Thursday, October 13, 2011

 Giverny:  Fuschia Tree  Laurie Fox PESSEMIER  Acrylic on canvas  12 x 12 inches
 Montmartre:  Vines   M. Blair PESSEMIER  Acrylic on wood  7 x 10 inches   SOLD
 Luxembourg Gardens::  Lavender Trees  Laurie Fox PESSEMIER  Acrylic on canvas 12 x 12 "  SOLD
 Notre Dame Park:  Romance    Laurie FOX Pessemier  Acrylic on canvas  12 x 12 inches 
 Luxembourg Gardens:  Fall Weather   Blair PESSEMIER   Acrylic on canvas  11 x 16 inches 
Ile de la Cite   Blair PESSEMIER  Acrylic on canvas  21.5 x 15 inches 
 Pont Neuf  and Henry IV   Laurie FOX Pessemier   Acrylic on canvas12 x 24 inches   SOLD
 Luxembourg Gardens:  Orange Sweater   Laurie FOX Pessemier   Acrylic on wood  10.25 x 5 inches SOLD
 Luxembourg Gardens:  Queen   Blair PESSEMIER   Acrylic on wood  9.5 x 7 inches
 Montmartre:  Vineyard   Laurie FOX Pessemier   Acrylic on wood 5 x 9.5 inches 
Giverny:  Creek   Laurie FOX Pessemier   Acrylic on canvas  18 x 15" 

ARTNOTES:  Smell the Flowers

A friend called on Sunday night to see if we’d like to paint at Giverny, Monet’s gardens, on Monday.  It turns out that the gardens are open after hours (and before hours 6AM) to painters.  If we arrive after 5:30 in the evening, we can paint until 8.  We packed up our supplies and headed away from Paris at 4.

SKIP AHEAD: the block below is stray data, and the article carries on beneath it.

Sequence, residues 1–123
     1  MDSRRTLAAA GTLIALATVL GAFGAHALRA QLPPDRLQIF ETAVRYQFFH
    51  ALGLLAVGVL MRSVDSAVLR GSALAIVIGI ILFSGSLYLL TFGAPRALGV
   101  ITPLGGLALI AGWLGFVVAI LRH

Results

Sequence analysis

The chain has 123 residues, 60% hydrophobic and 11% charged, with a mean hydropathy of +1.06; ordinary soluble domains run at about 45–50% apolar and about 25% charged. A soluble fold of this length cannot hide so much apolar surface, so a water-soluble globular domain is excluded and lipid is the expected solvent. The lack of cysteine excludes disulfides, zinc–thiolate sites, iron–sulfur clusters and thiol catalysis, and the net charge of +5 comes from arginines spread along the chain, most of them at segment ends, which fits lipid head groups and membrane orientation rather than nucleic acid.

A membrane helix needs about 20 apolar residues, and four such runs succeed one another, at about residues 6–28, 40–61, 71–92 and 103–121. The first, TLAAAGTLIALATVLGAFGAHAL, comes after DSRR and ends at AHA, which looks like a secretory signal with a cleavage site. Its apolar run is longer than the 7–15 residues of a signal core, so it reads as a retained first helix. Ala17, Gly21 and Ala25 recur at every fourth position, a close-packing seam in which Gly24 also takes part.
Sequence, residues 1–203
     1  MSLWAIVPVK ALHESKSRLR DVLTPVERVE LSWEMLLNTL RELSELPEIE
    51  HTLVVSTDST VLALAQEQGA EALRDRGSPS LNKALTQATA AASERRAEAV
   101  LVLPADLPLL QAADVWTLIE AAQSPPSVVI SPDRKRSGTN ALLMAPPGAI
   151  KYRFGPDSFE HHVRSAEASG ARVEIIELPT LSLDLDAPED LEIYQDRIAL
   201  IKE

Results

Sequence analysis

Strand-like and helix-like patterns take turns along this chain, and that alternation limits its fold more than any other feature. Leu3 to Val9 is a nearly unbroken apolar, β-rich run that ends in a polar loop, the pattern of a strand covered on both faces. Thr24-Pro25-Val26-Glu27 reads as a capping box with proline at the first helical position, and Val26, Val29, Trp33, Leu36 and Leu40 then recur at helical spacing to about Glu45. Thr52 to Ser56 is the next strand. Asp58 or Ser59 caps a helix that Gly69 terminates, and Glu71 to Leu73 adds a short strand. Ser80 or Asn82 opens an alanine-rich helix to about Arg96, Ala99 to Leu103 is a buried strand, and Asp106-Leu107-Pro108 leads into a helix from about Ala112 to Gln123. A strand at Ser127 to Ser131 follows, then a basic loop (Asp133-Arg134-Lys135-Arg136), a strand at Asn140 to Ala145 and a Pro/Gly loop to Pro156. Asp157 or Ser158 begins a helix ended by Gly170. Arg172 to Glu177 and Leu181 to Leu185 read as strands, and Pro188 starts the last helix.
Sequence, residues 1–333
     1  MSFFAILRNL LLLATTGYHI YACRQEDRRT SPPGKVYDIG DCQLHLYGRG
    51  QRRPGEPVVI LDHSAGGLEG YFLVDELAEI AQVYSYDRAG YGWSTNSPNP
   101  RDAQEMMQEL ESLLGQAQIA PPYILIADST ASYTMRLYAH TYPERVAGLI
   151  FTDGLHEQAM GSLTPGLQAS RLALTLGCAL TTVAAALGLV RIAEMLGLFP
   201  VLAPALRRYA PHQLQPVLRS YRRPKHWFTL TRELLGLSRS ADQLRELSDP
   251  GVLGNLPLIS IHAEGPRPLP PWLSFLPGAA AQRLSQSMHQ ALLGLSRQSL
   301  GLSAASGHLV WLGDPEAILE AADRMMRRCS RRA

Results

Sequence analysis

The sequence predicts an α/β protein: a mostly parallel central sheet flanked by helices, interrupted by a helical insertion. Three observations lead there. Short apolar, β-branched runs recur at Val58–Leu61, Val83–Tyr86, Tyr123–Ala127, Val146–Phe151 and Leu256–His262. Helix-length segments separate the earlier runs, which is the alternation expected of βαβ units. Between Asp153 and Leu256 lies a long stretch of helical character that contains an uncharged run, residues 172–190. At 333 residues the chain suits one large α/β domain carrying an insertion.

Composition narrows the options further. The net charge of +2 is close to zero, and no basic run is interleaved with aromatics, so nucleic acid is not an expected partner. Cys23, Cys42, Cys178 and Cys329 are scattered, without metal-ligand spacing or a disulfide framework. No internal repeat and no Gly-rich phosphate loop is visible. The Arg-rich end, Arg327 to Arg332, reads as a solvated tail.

We paid our (artists’) entry fee as the guards chased out the stragglers.  Blair set up his easel in the main garden, and I crossed beneath the road to the pond.
Giverny is a wonderful place, but in summer is chock-full of visitors;  this painting opportunity was like a dream.  It is a good reason to take my painting class – you, too, can inspect the dahlia up close and personal.  I took this week’s two students to paint: both chose the water lilies.
I am looking at a deep yellow petal-ed flower, its edges beginning to turn brown.  In this fading light the withering  border looks purple.  A small snail makes his way toward the center of the flower.  I suspect this flora to be a sort of sunflower variety.  The sunflowers are magnificent – the entire garden is a riot of yellow and purple.  For the first time ever here, I can smell all the flowers as the dew begins to form.  I can almost taste the nasturtiums which line the main allee.  A pink rose shocks my eyes with its brilliant color.
I feel tremendously lucky to have had this experience.  It’s not that I don’t like painting in the nether-reaches of the garden on a regular afternoon, but this day I am one with the water lilies.  There’s a photographer also present –  she sells her photos in New York.  She sometimes arrives here very early to capture the fog on the pond.
The sun streams across the water – picking up just the edge of a lily pad.  I can’t do it justice in my painting.  The reflections in the water and the water lilies are really too much for me.  I paint quickly, almost madly, trying to freeze time as the light changes.   Every time I visit this place to paint, I bite off more than I can chew.  Monet was truly a master.  I am just a page.
Blair has more luck – painting in oil – with his overview of the flowers.   Our painting companion makes several gouaches – she paints longer than we do.  Blair and I collapse on a bench, in a daydream :  after just one hour and a half I am “all in”.  I want to go home and drink red wine and plan on another day with the flowers.
On Tuesday evening, our students are happy.  We pack up our tools and take one last longing whiff of the flowers before the trip back to Paris.

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